What’s most annoying for me about the investment fear mongering today is that there’s no clear how or why we can expect a major market crash across all asset classes.  Numerous potential causes are cited.  Some say extended valuations.  Others say central bank intervention has lost it’s efficacy.  Still, others say a black swan will reveal itself to cause entire markets to be re-priced.

These are rational, true hypotheses and I agree that all three will hasten a great crash, but the fact of the matter is they all fall under the umbrella of debt.  Debt was taken off of the private balance sheets(publicly traded entities) and shifted to the public balance sheets(sovereigns).  All the owners of associated derivatives tied to that debt were either made whole or have continued to utilize the current system to keep the party going.

Worldwide debt levels are and will be the cause of the next crash.  Debt sits like a boa constrictor with its coils wrapped around the world, slowly squeezing the economic life out of all markets.  Think of the snake in The Jungle Book cartoon with its mesmerizing eyes.  “Trust in meeeeeee.”  Debt beckoned and the world heeded the call, only now there’s no escape and it’s getting harder and harder to breathe.

This is sort of a revelation for some who are just beginning to truly understand the error of the central banking cabal’s ways.  The negative rates.  The buying of investment grade assets and equities with taxpayer funds.  The backstopping of public, systemically dangerous banks with taxpayer funds.  The waterfall of money creation.  The thought process that more debt on top of debt will somehow cure a situation caused by excess debt.

At this point of the post, any pros reading this are probably rolling their eyes and thinking “Go buy another gold bar you doomsday schmuck.”

No matter.  I want my friends, family, and financially unsophisticated to gain some insight.

Where’d all this debt come from?  It went from the private coffers to the public coffers.  From the publicly-held, systemically important financial institutions (“SIFI”) to the central banks.  And now that the developed sovereigns are sitting on all of it and then some from the 2008 system-save, the SIFIs have continued their unaccountable ways and the financial system is sauntering closer to the edge.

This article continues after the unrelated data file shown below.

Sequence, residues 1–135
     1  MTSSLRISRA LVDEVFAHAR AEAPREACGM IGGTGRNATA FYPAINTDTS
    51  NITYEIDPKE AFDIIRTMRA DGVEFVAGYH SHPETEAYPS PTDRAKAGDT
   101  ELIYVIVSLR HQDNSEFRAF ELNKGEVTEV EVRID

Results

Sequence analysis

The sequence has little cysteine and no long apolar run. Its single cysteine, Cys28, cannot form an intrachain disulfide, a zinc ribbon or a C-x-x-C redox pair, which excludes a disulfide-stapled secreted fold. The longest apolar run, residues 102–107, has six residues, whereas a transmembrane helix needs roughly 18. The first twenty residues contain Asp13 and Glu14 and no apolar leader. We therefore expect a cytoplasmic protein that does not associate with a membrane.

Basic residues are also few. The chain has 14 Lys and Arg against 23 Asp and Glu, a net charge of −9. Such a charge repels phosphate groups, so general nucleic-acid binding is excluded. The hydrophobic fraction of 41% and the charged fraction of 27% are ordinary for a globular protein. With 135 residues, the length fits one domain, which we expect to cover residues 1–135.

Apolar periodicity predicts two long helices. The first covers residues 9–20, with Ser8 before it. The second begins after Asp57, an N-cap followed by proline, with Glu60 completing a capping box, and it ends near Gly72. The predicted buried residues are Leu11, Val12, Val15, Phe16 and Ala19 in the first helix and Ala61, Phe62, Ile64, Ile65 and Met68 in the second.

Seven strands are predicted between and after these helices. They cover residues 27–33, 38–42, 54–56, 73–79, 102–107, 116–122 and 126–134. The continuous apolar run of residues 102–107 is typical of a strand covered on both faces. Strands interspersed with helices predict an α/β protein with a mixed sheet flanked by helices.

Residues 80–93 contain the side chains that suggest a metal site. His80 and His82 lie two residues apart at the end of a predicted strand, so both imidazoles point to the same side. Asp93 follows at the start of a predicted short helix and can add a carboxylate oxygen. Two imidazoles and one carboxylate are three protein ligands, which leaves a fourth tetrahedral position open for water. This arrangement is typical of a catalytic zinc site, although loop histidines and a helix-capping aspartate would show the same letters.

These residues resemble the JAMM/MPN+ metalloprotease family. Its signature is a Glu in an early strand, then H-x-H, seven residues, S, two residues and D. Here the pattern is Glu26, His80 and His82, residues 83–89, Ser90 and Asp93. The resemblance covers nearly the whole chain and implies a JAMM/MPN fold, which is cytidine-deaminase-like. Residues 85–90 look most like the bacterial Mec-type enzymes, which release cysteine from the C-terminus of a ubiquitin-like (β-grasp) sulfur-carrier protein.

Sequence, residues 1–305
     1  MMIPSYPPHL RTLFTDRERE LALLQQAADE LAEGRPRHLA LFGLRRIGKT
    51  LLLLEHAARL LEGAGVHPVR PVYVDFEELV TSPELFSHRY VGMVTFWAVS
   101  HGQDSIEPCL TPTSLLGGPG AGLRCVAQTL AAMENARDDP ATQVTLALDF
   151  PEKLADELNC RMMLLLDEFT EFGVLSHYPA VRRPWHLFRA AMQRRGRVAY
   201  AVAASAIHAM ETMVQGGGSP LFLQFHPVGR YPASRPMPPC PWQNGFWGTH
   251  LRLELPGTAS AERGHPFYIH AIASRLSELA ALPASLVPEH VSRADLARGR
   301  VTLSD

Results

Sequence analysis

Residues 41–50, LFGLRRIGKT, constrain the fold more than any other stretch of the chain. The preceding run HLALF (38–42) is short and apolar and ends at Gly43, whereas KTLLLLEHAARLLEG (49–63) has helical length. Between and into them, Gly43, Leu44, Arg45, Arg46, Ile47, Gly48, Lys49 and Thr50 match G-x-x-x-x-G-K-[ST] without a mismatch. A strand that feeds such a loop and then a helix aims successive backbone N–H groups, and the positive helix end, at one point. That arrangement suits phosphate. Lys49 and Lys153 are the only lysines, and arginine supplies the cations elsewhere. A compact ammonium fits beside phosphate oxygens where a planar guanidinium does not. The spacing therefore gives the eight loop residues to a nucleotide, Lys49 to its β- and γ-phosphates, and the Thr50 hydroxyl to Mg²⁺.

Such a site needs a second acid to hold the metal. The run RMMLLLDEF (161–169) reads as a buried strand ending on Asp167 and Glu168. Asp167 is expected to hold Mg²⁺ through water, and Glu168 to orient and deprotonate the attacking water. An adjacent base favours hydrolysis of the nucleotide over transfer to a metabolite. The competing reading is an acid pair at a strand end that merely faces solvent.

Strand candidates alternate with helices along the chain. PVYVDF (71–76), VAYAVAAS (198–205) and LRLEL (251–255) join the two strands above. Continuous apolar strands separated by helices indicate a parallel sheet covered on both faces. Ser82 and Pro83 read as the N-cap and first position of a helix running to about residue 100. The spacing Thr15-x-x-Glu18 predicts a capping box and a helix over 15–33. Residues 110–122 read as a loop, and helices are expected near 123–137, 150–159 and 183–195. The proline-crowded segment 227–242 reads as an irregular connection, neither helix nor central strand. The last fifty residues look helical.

There’s nobody for the central banks to turn to.  There isn’t an intergalactic central bank out on the edge of the solar system just waiting to be a lender of last resort to planets where the dominant sentient species decides to fuck the whole financial system up.

Why did every single SIFI have to survive (except for Lehman, of course) after 2008?  If the banking system blows up, there’s zero way to process sales transactions?  People aren’t going to continue buying at Wal-Mart, Amazon, Kroger, and other retailers?  Oil won’t be burned?  Businesses will never hire and never expand again?  Tightening the belt is not the same as eliminating altogether, but that’s not the picture painted by the players in control.

Just ask Charlie Munger or any other uber-wealthy and they’ll tell you how close the whole American system was to utter annihilation.  It’s easy to take that stance when you have rainy day cash in the billions just waiting for an investment yielding 10% with a 100% government backstop.

The people that constantly state not to bet against American resiliency and determination, did just that by supporting SIFI bail-outs.

But those who lean towards the Austrian school of economic thinking, have long had a grasp on the consequences of current central banking Keynesian policies.  And those consequences are now beginning to painfully avail themselves to a larger and larger percentage of the world’s population.

The good news is that the crash is not imminent.  I know this because investor psychology dictates that we have a last-gasp, melt-up in the broader stock market.  Not to mention, everybody is currently inclined to say that the game is over right now.  Sell everything!

As I’ve said before, bull markets don’t end with everyone staring right at it while expressing their negative sentiments.  We’ll need that final push upward in the S&P 500 to the range of 2,400ish.  Who knows?  Maybe even higher, but about 10% to 15% higher than 2,125 which proved to be such a strong area of resistance.

If you’re strong of gut, stay positioned to the top.  If prudence guides your investment principals then it is way past time to have begun increasing cash levels.

When nobody’s looking, something’ll go down over a weekend; a major event or perhaps some sort of Western government proclamation.  And on Monday, panic will likely ensue to get the real party started.

It’s been suggested that it will be the banking system, specifically a major bank such as Deustche Bank or an institution of similar magnitude that will stop the music.  I disagree.

I think it’s going to be a country.  Either via a currency policy error or an outright repudiation of debt or both or some other ill fated decision involving a SIFI, but I suspect a major developed country will be the entity that kills the dance music via a one in “ten-thousand year” tail-event.